So, you create a picture, and you think clearly about the words attached to the elements in the picture, and every time you recall the picture, you make sure you recall the words attached to the elements.

Another thing you might have noticed when creating these images, is the pictures that were described were very bare-bones. When you turned the sentence into an image, there will have been details that were not mention, details that are individuals to you, to the way you think and the experiences you have had. That’s good.

While you shouldn’t get bogged down in crafting very detailed images — indeed, you want to keep the images as simple as possible, so that the crucial elements are not hidden — you do want some details that make the images more memorable for you. How well these images work does depend on you putting in the effort to making them as clear and vivid as you can. That does not mean that you have to be a brilliant visualize to use this technique effectively!

As we have seen, the technique involves both words and images, which means that those who are highly visual can put more weight on images and those who are more verbal can put more weight on the words. But even those who do not think of themselves as particularly visual do benefit from images, so do make the effort! (There’s guarantee you will get better with practice).

Let’s try another example. Here’s a short list of Spanish words for the classroom. Before looking any further, try and come up with English words that sound similar.

SpanishKeyword ?Meaning
el lápizpencil
la papelerawastepaper bin
las tijerasscissors
la reglaruler
las cuentassums
el pupitre desk
el techoceiling
la paredwall
el suelofloor
el pincelpaintbrush

You can see the author’s suggestions below. According to the author, do note that they’re not necessarily any better than yours!

el lápizlapelpencil
la papelerapuppetwastepaper bin
las tijerastigerscissors
la reglaregattaruler
las cuentasqueensums
el pupitre pupildesk
el techoteacherceiling
la paredparcelwall
el sueloswellingfloor
el pincelpencilpaintbrush

Now we make an image joining the keyword and the meaning:

  • A big pencil sticking out of a jacket’s lapel (where a flower or pin might be).
  • A puppet hanging over the edge of the wastepaper bin.
  • Baby tigers running around the classroom waving scissors.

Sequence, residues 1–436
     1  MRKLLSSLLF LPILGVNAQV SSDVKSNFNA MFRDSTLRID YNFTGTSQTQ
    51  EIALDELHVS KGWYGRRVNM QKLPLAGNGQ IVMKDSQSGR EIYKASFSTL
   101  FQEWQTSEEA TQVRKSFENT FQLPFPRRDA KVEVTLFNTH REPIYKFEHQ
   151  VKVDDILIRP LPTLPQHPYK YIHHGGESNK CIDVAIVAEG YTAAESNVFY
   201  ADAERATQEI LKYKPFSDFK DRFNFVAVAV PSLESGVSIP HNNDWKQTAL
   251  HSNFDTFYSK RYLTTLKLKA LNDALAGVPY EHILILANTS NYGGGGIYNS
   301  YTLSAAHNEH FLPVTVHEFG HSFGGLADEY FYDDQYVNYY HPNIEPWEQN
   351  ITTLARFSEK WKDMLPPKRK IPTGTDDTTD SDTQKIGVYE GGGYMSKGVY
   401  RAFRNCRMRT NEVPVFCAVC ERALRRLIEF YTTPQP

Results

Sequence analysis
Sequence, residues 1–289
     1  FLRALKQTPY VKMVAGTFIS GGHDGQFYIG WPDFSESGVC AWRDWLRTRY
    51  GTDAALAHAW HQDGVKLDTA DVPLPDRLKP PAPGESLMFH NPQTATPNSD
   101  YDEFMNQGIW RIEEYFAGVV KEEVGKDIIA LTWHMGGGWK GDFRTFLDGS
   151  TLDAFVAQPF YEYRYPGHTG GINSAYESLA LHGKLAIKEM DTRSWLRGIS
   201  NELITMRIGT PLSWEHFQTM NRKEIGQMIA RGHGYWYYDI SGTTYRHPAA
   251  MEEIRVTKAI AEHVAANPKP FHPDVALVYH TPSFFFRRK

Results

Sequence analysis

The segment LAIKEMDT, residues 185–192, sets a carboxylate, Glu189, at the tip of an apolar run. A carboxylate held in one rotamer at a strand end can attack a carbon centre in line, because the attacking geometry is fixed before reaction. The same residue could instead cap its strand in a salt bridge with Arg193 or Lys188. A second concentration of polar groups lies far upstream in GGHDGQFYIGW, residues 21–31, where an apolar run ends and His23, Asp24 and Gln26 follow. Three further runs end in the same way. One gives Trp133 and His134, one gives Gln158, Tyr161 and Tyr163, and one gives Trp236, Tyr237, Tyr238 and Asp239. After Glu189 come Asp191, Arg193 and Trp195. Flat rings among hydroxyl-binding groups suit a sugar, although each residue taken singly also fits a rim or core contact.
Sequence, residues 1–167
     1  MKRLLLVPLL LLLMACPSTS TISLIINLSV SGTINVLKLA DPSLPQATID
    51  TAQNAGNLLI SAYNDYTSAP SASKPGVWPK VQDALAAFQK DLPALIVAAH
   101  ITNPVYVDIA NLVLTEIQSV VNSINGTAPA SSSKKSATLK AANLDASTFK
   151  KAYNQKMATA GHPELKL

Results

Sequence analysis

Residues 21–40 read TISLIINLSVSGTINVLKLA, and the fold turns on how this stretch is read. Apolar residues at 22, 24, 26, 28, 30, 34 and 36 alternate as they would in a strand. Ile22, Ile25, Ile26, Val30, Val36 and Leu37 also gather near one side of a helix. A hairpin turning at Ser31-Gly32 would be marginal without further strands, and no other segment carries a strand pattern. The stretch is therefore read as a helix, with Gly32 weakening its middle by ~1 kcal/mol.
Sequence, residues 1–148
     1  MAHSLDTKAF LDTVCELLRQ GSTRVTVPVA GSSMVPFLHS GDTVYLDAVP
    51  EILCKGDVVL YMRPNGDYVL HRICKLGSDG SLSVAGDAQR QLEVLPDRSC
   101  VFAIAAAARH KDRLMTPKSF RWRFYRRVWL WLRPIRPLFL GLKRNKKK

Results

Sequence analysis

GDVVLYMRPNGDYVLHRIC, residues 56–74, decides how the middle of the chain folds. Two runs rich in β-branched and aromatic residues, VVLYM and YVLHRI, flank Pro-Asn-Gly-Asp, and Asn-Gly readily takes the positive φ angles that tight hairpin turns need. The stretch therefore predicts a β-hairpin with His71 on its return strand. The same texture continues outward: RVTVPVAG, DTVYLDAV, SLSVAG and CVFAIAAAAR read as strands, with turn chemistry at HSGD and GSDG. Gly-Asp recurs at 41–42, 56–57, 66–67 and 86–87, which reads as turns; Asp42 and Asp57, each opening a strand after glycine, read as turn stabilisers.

• A fleet of yachts on the water, giant rulers in place of their masts.
  • A queen, complete with crown, frowning over a slate with 2 + 4 written on it.
  • A pupil, very neatly dressed in an old-fashioned school uniform, sitting at a desk.
  • The teacher has floated up to the ceiling, and is stuck flat to it.
  • A big squashy parcel on the wall.
  • A giant swelling raising the floor.
  • A pencil with a paintbrush end instead of an eraser end.

Creating Good Keywords

There are several things to note about the words chosen by the author. First of all, they are all nouns. Moreover, they are concrete, not abstract, nouns. That is, they are things that you can visualize.

Regal, for example, would be a great keyword for regal, except that you can’t picture regal very well (you could of course picture a king or queen, or someone with great deportment, but would these images necessarily bring to mind the word regal? That’s the deciding issue.)

Of course, it is not always possible to find an appropriate concrete noun — that’s why sometimes you have to go with a sentence of phrase instead of a picture — but that’s what you should be trying first.

They are also all words that are familiar to the author. That’s where the individual choice comes in — what is a good word for me is not necessarily a good word for you.

You may, for example, find regalia a better word than regatta; if you’re familiar with lapis (lazuli) as a gem or pigment, that would be a better word than lapel. If you’re a birdwatcher, swallow would probably be a better word than swelling.